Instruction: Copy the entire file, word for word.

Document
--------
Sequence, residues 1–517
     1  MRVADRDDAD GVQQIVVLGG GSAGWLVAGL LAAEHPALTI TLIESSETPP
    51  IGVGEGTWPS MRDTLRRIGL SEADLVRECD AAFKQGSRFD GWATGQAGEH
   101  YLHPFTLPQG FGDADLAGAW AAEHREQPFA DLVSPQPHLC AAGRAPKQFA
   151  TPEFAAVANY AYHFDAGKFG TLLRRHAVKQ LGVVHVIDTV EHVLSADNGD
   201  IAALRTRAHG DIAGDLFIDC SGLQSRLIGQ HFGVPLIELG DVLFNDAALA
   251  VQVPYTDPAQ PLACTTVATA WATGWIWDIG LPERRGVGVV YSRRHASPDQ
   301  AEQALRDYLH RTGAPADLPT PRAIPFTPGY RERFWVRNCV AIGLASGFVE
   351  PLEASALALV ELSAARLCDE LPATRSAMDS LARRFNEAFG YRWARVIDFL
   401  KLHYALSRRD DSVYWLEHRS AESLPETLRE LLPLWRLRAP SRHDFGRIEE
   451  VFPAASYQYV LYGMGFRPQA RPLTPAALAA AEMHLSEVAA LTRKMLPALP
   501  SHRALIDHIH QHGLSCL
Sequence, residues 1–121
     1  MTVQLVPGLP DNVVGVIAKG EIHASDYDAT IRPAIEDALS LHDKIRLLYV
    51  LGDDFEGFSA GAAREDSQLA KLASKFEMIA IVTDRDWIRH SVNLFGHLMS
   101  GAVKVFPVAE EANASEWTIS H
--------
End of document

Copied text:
Sequence, residues 1–517
     1  MRVADRDDAD GVQQIVVLGG GSAGWLVAGL LAAEHPALTI TLIESSETPP
    51  IGVGEGTWPS MRDTLRRIGL SEADLVRECD AAFKQGSRFD GWATGQAGEH
   101  YLHPFTLPQG FGDADLAGAW AAEHREQPFA DLVSPQPHLC AAGRAPKQFA
   151  TPEFAAVANY AYHFDAGKFG TLLRRHAVKQ LGVVHVIDTV EHVLSADNGD
   201  IAALRTRAHG DIAGDLFIDC SGLQSRLIGQ HFGVPLIELG DVLFNDAALA
   251  VQVPYTDPAQ PLACTTVATA WATGWIWDIG LPERRGVGVV YSRRHASPDQ
   301  AEQALRDYLH RTGAPADLPT PRAIPFTPGY RERFWVRNCV AIGLASGFVE
   351  PLEASALALV ELSAARLCDE LPATRSAMDS LARRFNEAFG YRWARVIDFL
   401  KLHYALSRRD DSVYWLEHRS AESLPETLRE LLPLWRLRAP SRHDFGRIEE
   451  VFPAASYQYV LYGMGFRPQA RPLTPAALAA AEMHLSEVAA LTRKMLPALP
   501  SHRALIDHIH QHGLSCL
Sequence, residues 1–121
     1  MTVQLVPGLP DNVVGVIAKG EIHASDYDAT IRPAIEDALS LHDKIRLLYV
    51  LGDDFEGFSA GAAREDSQLA KLASKFEMIA IVTDRDWIRH SVNLFGHLMS
   101  GAVKVFPVAE EANASEWTIS H